Mildred Hilson

Mildred Hilson
Mildred Helen Stern

(1898-03-30)March 30, 1898
Brooklyn, New York City, New York, U.S.
DiedDecember 10, 1994(1994-12-10) (aged 96)
Manhattan, New York City, New York, U.S.
Political partyRepublican
Edwin I. Hilson
(m. 1924; death 1952)

Mildred Helen Hilson (née Stern; March 30, 1898 – December 10, 1994) was an American socialite, philanthropist and patron of the arts. A staunch supporter of the Republican Party, she befriended multiple Republican presidents.


Hilson was born Mildred Helen Stern in Brooklyn on March 30, 1898. In 1924, she married investment banker Edwin I. Hilson (1895–1952), later senior partner at Wertheim & Co.[1] They had two children: John Stern Hilson (1925–1991) and Mary Hilson (1930–1987).[2] Her husband died in 1952.[3]

Following her husband's death, she took his seat on the board of the Hospital for Special Surgery, five years later she was name vice president and remained in this role until her death. She raised over $15 million for the hospital through its annual benefit.[4][5]

Vice chairwoman of the Women's National Republican Club, she was also a major fundraiser for the Republican Party and volunteered on several citizens' committees to elect or re-elect Republican candidates to state and national office.[1][3] She befriended every Republican president from Dwight D. Eisenhower on. President Eisenhower painted a portrait of her which hung in her study and Mamie Eisenhower was a close friend. At her 90th birthday party at The St. Regis, former President Richard Nixon played Happy Birthday on the piano while the 200 guests sang along.[3][6]

Hilson also gave generously to the arts, serving on the board of the Museum of the City of New York and the New York City Cultural Council. During John Lindsay's term as Mayor of New York City in the late 1960s, she served as his unsalaried representative on cultural affairs.[3]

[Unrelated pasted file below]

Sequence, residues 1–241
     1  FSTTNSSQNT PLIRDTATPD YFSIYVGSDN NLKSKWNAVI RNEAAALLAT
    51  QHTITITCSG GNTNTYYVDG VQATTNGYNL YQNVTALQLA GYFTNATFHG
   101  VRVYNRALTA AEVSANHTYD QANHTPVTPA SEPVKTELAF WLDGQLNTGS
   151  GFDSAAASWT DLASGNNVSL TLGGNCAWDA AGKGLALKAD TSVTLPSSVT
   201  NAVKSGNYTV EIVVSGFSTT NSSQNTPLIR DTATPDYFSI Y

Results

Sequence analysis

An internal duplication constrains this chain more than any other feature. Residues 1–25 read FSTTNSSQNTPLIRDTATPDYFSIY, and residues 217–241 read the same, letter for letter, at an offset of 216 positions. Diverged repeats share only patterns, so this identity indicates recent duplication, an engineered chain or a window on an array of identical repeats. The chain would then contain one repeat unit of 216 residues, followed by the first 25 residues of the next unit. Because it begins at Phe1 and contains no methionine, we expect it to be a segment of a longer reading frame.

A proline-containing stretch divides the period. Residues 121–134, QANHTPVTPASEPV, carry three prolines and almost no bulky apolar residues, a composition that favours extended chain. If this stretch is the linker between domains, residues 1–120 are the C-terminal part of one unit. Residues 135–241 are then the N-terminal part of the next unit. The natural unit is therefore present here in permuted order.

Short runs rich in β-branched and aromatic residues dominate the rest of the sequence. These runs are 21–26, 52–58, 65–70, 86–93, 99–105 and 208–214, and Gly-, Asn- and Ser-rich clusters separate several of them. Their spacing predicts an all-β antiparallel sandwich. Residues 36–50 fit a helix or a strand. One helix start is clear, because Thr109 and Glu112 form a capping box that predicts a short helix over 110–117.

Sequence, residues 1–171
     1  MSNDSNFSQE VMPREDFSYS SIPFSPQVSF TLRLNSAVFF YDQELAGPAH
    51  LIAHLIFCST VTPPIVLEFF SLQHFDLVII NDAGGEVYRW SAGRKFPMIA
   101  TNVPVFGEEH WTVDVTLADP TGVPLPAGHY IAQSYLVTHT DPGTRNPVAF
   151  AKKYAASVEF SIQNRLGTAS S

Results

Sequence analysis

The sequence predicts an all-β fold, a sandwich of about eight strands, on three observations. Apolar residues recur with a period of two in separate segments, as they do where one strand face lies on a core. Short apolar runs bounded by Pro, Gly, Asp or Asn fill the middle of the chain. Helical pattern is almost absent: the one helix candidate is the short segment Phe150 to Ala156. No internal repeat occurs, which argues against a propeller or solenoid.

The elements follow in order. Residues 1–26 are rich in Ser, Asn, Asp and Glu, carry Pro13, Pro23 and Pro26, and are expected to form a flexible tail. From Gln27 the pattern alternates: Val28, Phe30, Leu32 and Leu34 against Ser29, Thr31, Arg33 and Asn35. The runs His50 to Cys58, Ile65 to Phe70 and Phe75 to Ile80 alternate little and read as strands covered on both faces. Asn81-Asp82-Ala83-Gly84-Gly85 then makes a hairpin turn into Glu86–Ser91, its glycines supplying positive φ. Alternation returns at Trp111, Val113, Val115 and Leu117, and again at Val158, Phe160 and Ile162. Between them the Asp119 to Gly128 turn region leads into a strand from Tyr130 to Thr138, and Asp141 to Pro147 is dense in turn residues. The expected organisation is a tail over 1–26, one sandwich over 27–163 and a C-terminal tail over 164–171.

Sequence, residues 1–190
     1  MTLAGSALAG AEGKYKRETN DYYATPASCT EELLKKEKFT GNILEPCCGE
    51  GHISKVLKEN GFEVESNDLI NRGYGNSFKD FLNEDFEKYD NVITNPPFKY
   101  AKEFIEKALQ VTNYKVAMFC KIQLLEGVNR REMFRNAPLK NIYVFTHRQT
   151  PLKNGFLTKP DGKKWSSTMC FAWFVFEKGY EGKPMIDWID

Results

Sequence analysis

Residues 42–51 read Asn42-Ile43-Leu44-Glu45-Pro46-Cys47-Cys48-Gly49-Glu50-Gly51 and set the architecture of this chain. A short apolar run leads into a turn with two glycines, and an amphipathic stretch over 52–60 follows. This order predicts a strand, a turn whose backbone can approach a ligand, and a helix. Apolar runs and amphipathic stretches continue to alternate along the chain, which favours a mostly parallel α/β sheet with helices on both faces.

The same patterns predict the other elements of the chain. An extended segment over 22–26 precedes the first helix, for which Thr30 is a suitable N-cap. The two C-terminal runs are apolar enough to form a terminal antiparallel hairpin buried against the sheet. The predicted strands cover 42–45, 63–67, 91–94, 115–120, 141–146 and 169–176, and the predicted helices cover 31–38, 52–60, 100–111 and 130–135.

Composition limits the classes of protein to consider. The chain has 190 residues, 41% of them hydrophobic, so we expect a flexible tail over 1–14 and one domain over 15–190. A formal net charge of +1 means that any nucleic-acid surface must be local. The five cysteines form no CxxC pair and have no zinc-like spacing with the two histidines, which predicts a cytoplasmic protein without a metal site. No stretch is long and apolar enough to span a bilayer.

She lived for much of her life in Waldorf Towers. It was here, in 1971, she met and befriended George H. W. Bush, who had just been appointed American ambassador to the United Nations, and his wife, Barbara. She first met Mrs. Bush in March 1971 in the elevator and invited her to a dinner she was hosting for the Duke and Duchess of Windsor that May.[7][8] She hosted a dinner for the Bushes in her apartment upon his election as Vice President of the United States.[9] She also entertained Laurence Olivier and Hubert de Givenchy. In 1989, when she was bedridden due to illness, Givenchy brought one of his models to Hilson's apartment to show her his spring collection.[3] She also wore the designs of Bill Blass, once remarking to Blass during a fitting at the age 90, " “Bill, I hope you can get this dress delivered to me before I die.” To which he replied, “I can’t guarantee it."[10]

In 1989, the plaza of a new hospital residence at the Hospital for Special Surgery was dedicated in her honor. That same year another, the New York City division of the American Cancer Society gave her its humanitarian award. She was also awarded the women's division of Albert Einstein College of Medicine's Sarnoff Award for her volunteer service.[3]

She died at home on December 10, 1994, at the age of 96.[3][4] Her funeral was held at Temple Emanu-El of New York.[8] Former First Lady Barbara Bush, Walter Cronkite, David Eisenhower and David Brown were among the eulogists.[7] Many of her person effects were auctioned off at Christie's on October 14, 1995.[11]


  1. ^ a b Nemy, Enid (April 5, 1982). "A Trio of Octogenarians Who Ignore the Calendar". The New York Times. Retrieved August 19, 2022.
  2. ^ "John Hilson, 66, Dies; Was Investment Banker". The New York Times. May 27, 1991. Retrieved August 19, 2022.
  3. ^ a b c d e f g Dullea, Georgia (December 11, 1994). "Mildred Hilson Is Dead at 96; Fund-Raiser and Arts Patron". The New York Times. Retrieved August 19, 2022.
  4. ^ a b "Mildred Hilson; Noted Fund-Raiser". Los Angeles Times. December 12, 1994. Retrieved August 19, 2022.
  5. ^ Nemy, Enid (April 26, 1978). "Mrs. Hilson and Mr. Cronkite Anchor a Party". The New York Times. Retrieved August 19, 2022.
  6. ^ Dullea, Georgia (March 31, 1988). "It's a Rosy Night as Mildred Turns 90". The New York Times. Retrieved August 19, 2022.
  7. ^ a b Bush, Barbara (2003). Reflections: Life After the White House. New York: Scribner. p. 73. ISBN 0743223594.
  8. ^ a b Brown, David W. (February 5, 1995). "Seen Around Town–III". The New Yorker. Retrieved August 19, 2022.
  9. ^ Nemy, Enid (January 9, 1981). "The Bushes Come to Town for Private Party". The New York Times. Retrieved August 19, 2022.
  10. ^ Morris, Bob (July 8, 2002). "An American Classic". New York. Retrieved August 19, 2022.
  11. ^ "Property from the Estate of Mildred S. Hilson". Christie's. Retrieved August 19, 2022.